A 60-year-old man presented to the Urology Department at Soonchunhyang University Seoul Hospital with left inguinal pain for 1 month. The patient had a history of T3M3M0 gastric adenocarcinoma and moderate differentiation 6 years previously. He had been treated with total gastrectomy followed by three cycles of capecitabine and cisplatin chemotherapy. After chemotherapy, the patient had no evidence of recurrence of cancer at the 6-year follow-up. Results of laboratory tests including the levels of the tumor markers, including PSA, CEA, CA19-9, β-HCG, AFP, and CA125, were within the normal range. Physical examination revealed moderate right scrotal tenderness and inguinal tenderness. Chest radiography did not reveal anything abnormal; the results of hematological and biochemical tests were within normal limits. Ultrasonography, pelvic CT, and magnetic resonance imaging (MRI) revealed a soft tissue mass with irregular margins in the spermatic cord (Figure 1b,c,d). The patient underwent radical orchiectomy via an inguinal approach. Gross findings revealed an ill-defined grayish-white solid mass (2.0 × 3.5 × 1.5 cm) in the spermatic cord (Figure 2b). Pathological analysis revealed mucinous adenocarcinoma with moderate differentiation (Figure 3b). All resection margins were free of carcinoma. Immunohistochemical staining for D2-40 did not reveal any lymphatic invasion. After the patient recovered from radical orchiectomy, colonoscopic biopsy was performed for rectal wall thickening, and it revealed adenocarcinoma with moderate differentiation. Ten cycles of adjuvant radiation therapy were administered. At the 20-month follow-up, the patient was stable and demonstrated no recurrence of cancer.

Discussion

Metastatic tumors of the spermatic cord are rare [3]. The most common primary site of spermatic cord metastasis is the gastrointestinal tract, followed by the pancreas, prostate, and kidneys [4]. The mechanisms involved in metastasis to the spermatic cord and epididymis from primary malignant neoplasms are unclear. However, several routes have been proposed [3]. The main routes are the hematogenous or lymphatic routes, but other routes including retrograde extension through the vessel, either along its lumen or by direct extension via the wall of the vessel, and transperitoneal seeding through the patent tunica vaginalis have been proposed [3, 4]. In the cases we have discussed here, the possibility of hematogenous or lymphatic spread cannot be excluded. In both cases, a hydrocele was noted, which indicates that lymphatic drainage could be impaired, leading to congestion.

Moon et al. [5] have recently suggested that tumor factors, including the stage, were clinical prognostic indicators within 5 years post-gastrectomy, but there were no such indicators after 5 years.

In patients with advanced gastric carcinoma undergoing radical gastrectomy and adjuvant chemotherapy, approximately half the patients survive for > 5 years [5]. After gastrectomy, 8.8% of patients relapse with the predominant pattern of distant metastasis (34.6%) during the 5 to 10 years after surgery. However, recurrences many years after treatment may be related to the activation of long-lasting tumor dormancy, particularly in distant organs [5].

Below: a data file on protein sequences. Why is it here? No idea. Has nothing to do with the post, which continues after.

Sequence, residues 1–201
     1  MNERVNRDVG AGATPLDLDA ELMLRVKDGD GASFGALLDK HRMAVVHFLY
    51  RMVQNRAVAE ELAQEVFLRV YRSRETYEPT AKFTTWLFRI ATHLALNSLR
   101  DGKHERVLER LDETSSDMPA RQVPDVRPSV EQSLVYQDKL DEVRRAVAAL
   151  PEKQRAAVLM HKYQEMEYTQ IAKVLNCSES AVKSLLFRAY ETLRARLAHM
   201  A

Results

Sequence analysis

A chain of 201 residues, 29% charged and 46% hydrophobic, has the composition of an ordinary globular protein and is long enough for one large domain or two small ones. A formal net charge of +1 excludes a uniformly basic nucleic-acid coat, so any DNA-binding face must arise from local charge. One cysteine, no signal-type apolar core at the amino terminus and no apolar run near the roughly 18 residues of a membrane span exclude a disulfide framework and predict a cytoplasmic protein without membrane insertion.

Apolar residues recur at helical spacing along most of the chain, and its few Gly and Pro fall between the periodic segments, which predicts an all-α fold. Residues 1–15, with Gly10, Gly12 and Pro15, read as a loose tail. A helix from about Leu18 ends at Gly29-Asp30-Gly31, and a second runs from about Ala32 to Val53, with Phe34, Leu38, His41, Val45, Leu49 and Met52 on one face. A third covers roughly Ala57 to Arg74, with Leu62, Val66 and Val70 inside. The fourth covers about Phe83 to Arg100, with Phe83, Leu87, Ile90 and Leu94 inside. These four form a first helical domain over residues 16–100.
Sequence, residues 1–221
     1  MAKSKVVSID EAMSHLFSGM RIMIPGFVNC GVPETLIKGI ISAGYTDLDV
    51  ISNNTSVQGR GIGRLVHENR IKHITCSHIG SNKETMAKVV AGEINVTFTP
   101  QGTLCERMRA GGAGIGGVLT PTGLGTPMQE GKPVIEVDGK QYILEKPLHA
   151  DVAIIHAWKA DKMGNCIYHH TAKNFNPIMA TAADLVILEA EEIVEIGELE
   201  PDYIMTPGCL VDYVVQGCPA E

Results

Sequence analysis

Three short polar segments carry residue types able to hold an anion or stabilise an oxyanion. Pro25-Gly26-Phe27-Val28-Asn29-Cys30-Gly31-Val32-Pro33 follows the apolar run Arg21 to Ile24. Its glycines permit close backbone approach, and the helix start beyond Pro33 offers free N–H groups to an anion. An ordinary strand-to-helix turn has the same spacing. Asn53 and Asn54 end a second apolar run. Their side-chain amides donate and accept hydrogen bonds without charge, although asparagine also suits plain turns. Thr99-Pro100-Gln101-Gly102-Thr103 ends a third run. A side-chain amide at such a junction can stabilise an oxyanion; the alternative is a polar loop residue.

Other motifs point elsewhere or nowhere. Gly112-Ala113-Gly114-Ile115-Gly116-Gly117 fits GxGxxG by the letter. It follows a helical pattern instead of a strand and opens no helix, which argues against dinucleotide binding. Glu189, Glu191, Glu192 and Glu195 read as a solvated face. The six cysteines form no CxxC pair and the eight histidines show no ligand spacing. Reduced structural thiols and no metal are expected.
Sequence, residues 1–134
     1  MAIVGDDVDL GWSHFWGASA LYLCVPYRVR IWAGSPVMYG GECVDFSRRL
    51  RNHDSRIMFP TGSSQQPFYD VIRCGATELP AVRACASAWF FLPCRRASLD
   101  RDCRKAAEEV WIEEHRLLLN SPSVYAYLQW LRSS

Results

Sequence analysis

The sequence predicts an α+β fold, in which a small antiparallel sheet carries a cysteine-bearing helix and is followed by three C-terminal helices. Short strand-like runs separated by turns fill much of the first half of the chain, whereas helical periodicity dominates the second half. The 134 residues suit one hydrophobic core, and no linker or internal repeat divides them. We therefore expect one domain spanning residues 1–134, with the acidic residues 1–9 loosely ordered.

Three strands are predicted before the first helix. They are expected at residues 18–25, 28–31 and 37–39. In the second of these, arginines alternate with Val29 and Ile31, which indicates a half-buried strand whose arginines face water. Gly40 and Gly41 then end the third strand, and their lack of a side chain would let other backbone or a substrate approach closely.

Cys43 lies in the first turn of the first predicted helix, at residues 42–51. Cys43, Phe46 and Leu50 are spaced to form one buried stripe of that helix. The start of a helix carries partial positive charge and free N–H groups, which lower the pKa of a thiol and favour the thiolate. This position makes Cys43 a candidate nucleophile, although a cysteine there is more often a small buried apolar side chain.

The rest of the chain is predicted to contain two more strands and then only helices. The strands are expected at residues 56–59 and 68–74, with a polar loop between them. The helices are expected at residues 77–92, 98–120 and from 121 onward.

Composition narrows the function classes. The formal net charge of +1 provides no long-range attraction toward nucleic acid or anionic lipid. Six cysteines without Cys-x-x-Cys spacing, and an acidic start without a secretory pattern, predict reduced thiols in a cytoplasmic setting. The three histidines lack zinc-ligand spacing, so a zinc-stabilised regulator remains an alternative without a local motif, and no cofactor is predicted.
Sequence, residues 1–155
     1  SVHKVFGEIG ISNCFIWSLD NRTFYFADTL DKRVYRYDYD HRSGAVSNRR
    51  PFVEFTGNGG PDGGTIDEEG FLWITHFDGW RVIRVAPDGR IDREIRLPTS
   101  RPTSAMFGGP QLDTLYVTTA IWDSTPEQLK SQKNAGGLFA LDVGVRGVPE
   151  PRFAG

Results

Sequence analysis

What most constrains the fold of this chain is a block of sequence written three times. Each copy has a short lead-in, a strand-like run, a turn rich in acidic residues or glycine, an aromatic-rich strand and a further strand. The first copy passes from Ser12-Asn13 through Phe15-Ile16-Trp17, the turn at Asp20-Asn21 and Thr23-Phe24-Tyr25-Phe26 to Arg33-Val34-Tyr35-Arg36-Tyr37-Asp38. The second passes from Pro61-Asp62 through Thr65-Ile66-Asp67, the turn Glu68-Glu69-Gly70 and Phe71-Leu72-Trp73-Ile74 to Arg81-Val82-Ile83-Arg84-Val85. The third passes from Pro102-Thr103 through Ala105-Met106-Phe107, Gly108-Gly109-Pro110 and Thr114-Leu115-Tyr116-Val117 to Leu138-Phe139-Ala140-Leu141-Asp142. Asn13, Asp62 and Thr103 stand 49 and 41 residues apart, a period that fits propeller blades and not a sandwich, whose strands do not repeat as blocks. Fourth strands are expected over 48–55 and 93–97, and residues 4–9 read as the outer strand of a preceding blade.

The prognosis of a metastatic tumor of the epididymis and spermatic cord is typically unfavorable [2], as metastatic tumors to the paratesticular tissues are usually detected in the setting of disseminated diseases. However, previous reports of metastatic tumors of the epididymis and spermatic cord from gastric cancer were published in 1980 to 1990. During the last two decades, chemotherapy including adjuvant chemotherapy has evolved significantly in both its efficacy and toxicity. The main reasons that our patients had favorable outcomes were owing to the relatively early detection because of the development of radiologic imaging, and also owing to the effect of adjuvant chemotherapy. Earlier reports might not have considered the positive effect of adjuvant chemotherapy. Considering these diseases in the differential diagnosis of a groin mass when a history of gastrointestinal tract cancer is present can be critical for a more precise diagnosis and more targeted treatment.

Conclusion

Metastatic lesions of the spermatic cord should be included in the differential diagnosis of a scrotal or inguinal mass with discomfort, especially in patients with a history of gastrointestinal cancer, to promptly achieve a targeted treatment.

Consent

Written informed consent was obtained from the patients for publication of these case reports and any accompanying images.

Abbreviations

AFP: 

Alpha-fetoprotein

CA125: 

Cancer antigen 125

CA19-9: 

Carbohydrate antigen 19–9

CEA: 

Carcinoembryonic antigen

CT: 

Computed tomography

H & E: 

Hematoxylin and eosin

MRI: 

Magnetic resonance imaging

PET: 

Positron emission tomography

PSA: 

Prostate specific antigen

β-HCG: 

Beta-human chorionic gonadotrophin.

Declarations

Acknowledgements

This study was supported by the Soonchunhyang University Research Fund.

Authors’ Affiliations

(1)
Department of Urology, Soonchunhyang University Hospital, Soonchunhyang University College of Medicine
(2)
Department of Urology, Soonchunhyang University Cheonan Hospital, Soonchunhyang University College of Medicine
(3)
Department of Pathology, Soonchunhyang University Cheonan Hospital, Soonchunhyang University College of Medicine
(4)
Department of Surgery, Soonchunhyang University Cheonan Hospital, Soonchunhyang University College of Medicine

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Copyright

© Kim et al.; licensee BioMed Central Ltd. 2014

This article is published under license to BioMed Central Ltd. This is an Open Access article distributed under the terms of the Creative Commons Attribution License (http://creativecommons.org/licenses/by/2.0), which permits unrestricted use, distribution, and reproduction in any medium, provided the original work is properly credited. The Creative Commons Public Domain Dedication waiver (http://creativecommons.org/publicdomain/zero/1.0/) applies to the data made available in this article, unless otherwise stated.